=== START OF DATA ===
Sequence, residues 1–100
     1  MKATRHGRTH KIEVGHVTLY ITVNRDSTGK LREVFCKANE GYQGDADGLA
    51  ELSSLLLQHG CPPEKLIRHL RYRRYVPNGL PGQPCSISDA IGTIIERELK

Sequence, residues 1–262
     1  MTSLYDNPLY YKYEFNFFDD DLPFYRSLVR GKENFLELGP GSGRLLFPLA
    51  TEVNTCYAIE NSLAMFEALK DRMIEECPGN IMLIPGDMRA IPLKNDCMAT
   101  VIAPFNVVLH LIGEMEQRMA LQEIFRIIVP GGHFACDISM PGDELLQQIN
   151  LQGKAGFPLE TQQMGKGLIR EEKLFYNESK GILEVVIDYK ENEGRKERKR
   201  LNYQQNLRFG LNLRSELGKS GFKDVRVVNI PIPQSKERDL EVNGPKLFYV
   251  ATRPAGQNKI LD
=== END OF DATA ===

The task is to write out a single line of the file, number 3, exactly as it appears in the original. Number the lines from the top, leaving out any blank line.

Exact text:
    51  ELSSLLLQHG CPPEKLIRHL RYRRYVPNGL PGQPCSISDA IGTIIERELK